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Advice On Transitioning From Veterans

Advice on Transitioning from Veterans

One of the most challenging things for our military members is the transition from the familiar military life to the unknown, and oftentimes uncertain, civilian life after their military career ends. Chenega Military Intelligence and Operations Support (MIOS) has hired many of our country’s former military members and interviewed some of them to see what advice they would give current military members about transitioning to civilian life.

Of the veterans interviewed were Kenneth “Mike” Buggs, Duane Butler, and Jonas Patterson. Mike Buggs is a former Sargeant Major in the US Army Special Forces. He retired in 2001 after serving 21 years. He has been with Chenega for 19 years and is currently the Senior VP of Business Operations and Chief Operating Officer for Chenega MIOS SBU. Duane Butler is a recruiter for Chenega MIOS and retired Master Sergeant for the US Air Force. He spent 21 years in the military and has been with Chenega since 2015.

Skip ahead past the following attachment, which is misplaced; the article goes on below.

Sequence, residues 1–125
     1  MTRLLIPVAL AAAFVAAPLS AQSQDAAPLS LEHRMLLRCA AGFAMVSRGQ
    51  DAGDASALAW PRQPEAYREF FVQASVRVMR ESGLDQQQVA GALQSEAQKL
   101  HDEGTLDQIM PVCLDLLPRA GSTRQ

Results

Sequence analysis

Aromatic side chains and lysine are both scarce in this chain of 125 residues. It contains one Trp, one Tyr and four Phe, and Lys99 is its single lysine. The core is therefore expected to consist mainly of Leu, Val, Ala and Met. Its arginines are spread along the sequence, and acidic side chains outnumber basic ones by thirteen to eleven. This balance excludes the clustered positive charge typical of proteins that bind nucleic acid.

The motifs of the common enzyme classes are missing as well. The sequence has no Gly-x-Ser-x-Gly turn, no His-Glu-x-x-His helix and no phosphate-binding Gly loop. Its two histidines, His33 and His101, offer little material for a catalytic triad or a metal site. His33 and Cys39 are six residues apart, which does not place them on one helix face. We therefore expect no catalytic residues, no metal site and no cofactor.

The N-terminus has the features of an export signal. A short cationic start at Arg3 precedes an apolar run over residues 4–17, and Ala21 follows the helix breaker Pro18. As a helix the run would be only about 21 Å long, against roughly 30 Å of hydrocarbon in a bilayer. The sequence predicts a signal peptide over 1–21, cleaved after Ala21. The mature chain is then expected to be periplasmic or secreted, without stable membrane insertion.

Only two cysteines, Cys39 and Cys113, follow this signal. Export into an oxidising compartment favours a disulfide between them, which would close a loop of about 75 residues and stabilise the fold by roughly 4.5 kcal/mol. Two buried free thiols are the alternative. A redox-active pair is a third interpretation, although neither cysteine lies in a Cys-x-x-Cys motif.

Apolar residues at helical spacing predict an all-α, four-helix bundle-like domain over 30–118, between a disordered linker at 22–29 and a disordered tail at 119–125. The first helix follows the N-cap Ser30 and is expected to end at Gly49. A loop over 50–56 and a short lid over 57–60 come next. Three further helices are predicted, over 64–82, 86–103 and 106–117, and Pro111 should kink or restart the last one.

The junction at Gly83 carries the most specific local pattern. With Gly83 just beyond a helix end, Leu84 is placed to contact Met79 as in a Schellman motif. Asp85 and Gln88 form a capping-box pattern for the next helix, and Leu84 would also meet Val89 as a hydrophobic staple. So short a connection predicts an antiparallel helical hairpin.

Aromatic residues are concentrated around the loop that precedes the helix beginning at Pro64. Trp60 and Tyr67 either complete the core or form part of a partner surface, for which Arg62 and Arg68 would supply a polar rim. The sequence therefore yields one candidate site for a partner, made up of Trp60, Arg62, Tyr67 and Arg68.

Last, but certainly not least, Jonas Patterson is a former Master Sergeant of the US Air Force. He had his own experiences and advice he wanted to share after spending 21 years in the military and then transitioning to civilian life.

Many of our vets had similar issues with their transition and offered great advice for those considering leaving the military. “Striking out on my own without that military support system behind me,” was one of the hardest parts about leaving the Air Force, mentioned Butler. All of our vets expressed a similar sense of loss in community after retiring.